This previously unknown squid was among 80,000deep-sea organisms collected from the northern Mid-Atlantic Ridge, achain of undersea mountains halfway between Europe and North America.
The species, dubbed Promachoteuthis sloani, wascaught along with around 50 other types of squid during trawls as deepas 1.2 miles (3 kilometers) by a Census of Marine Life team. The team,from the Norwegian-led MAR-ECO program, is investigating life along theworld's ocean mountain ranges.
The new species has unusually small, semi-opaque eyes and large numbersof suckers on its arms. The shape of its beak suggests the squid is apowerful chewer, MAR-ECO researchers say.
While soft-bodied squid are often damaged during deep-sea trawls, theirhard mouthparts are unique to each species and so can be used to helpidentify different species, the team says.
The new specimen has also provided material to help flesh out thephysical descriptions of previously discovered but poorly known relatedspecies, the researchers add.
Around 60,000 of the organisms collected during the Mid-Atlantic Ridgesurvey were fish, which experts are working to document and identify.
Dark Dweller: Antarctic JellyfishDiscovered during a 2006 Census of Marine Life expedition, this specieswas filmed in Antarctic waters that have been kept in darkness forthousands of years by thick ice cover.
Researchers were able to finally shed light on the species—and scoresof other tiny creatures—by suspending an underwater camera down a holedrilled through 2,300 feet (700 meters) of ice.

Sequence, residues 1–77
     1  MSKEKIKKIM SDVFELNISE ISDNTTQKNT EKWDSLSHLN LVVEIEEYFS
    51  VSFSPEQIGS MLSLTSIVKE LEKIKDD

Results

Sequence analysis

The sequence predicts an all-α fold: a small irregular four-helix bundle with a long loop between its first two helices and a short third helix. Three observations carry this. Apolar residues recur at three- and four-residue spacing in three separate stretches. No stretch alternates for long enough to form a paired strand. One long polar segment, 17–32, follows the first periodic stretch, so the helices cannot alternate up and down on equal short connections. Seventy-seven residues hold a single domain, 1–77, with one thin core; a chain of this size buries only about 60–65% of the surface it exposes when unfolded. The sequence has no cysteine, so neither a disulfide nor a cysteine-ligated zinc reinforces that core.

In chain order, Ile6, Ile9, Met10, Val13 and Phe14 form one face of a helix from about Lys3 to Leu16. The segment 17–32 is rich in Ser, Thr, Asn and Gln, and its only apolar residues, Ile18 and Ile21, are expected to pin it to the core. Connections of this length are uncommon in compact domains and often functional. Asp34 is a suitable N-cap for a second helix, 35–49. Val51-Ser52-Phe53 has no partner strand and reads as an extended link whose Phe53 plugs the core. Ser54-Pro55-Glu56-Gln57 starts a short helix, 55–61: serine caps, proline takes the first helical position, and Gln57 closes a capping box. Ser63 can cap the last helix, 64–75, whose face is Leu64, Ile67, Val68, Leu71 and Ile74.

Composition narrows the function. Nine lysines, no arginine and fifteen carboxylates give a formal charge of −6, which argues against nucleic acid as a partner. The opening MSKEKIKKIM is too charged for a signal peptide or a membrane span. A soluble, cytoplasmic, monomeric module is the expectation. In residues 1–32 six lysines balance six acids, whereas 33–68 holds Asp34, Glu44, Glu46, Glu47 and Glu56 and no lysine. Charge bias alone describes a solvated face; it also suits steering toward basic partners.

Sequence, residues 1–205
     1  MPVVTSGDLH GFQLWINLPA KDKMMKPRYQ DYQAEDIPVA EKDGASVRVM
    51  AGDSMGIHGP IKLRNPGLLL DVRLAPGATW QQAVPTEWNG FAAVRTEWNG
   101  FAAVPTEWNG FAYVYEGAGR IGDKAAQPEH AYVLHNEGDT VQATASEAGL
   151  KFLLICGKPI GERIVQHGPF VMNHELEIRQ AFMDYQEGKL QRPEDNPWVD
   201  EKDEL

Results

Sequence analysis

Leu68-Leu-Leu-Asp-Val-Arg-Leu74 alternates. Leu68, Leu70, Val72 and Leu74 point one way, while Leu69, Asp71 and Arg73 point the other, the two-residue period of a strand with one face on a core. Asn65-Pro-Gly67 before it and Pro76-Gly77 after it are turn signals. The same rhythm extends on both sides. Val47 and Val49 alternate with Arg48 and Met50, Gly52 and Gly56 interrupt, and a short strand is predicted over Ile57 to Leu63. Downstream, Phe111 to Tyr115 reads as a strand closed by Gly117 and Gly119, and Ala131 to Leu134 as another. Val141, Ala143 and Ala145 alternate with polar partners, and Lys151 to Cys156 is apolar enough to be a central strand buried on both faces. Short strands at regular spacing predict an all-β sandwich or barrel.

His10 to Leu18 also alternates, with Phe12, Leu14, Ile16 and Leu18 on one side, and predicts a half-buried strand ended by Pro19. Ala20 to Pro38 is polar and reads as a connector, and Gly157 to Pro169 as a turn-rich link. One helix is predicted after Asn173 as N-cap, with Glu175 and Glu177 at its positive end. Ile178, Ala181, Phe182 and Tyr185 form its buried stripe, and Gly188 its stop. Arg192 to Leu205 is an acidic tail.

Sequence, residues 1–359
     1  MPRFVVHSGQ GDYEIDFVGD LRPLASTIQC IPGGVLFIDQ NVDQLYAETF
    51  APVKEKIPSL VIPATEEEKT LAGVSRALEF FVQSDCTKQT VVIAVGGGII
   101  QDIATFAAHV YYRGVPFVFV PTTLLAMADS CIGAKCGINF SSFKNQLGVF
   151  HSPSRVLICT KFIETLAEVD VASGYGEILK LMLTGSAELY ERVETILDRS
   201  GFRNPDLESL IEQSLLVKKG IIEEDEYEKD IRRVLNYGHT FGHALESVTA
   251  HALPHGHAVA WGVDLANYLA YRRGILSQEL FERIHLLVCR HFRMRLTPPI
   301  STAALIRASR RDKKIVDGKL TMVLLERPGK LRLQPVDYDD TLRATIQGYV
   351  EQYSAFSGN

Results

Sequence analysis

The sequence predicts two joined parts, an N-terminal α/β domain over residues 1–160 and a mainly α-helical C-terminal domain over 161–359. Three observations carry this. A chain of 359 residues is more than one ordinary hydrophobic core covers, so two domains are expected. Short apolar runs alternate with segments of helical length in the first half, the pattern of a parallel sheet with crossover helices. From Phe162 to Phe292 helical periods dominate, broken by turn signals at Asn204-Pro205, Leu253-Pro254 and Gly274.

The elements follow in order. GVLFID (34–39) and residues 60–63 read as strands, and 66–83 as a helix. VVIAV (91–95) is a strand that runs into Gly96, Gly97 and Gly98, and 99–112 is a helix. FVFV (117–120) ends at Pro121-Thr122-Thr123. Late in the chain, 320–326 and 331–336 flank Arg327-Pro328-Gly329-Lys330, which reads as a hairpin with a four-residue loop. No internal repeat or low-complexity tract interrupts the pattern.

The diversity of life supported by unlit waters was a big surprise forAntarctic researchers who conducted the survey in the Weddell Sea (interactive Antarctica map).
Census of Marine Life senior scientist Ron O'Dor said the findingsshowed "there are no deserts in the ocean. Everywhere we look, we findevidence of life."
Jurassic ShrimpCensus of Marine Life researchers got a big surprise when they trawled up this "Jurassic shrimp."
The scientists were documenting life on undersea mountains, orseamounts, in the Coral Sea off northeast Australia when they foundthis specimen (Australia map). It belongs to a species thought to have died out some 50 million years ago.
Caught at a depth of 1,300 feet (400 meters), the new species isdescribed as a "living fossil" by survey member Bertrand Richer deForges, a marine biologist based in nearby Noumea, New Caledonia.
Neoglyphea neocaledonica belongs to an ancient group ofcrustaceans that were "well known from the Jurassic and Cretaceousperiods [roughly 200 to 65 million years ago] and were supposed to beextinct," de Forges said.
The find follows the discovery of a related species in Philippine waters in the 1970s.
De Forges compares the new catch to the discovery of a secondspecies of the primitive coelacanth in Indonesia in 1997. Thisso-called fossil fish was first rediscovered off South Africa in 1938,showing it hadn't gone extinct in the Cretaceous period as previouslythought.
Needle in a Haystack—IsopodThe Census of Marine Life's ambitious goal is to document all life inthe oceans, a task made even harder by creatures that are verydifficult to tell apart, such as this little isopod.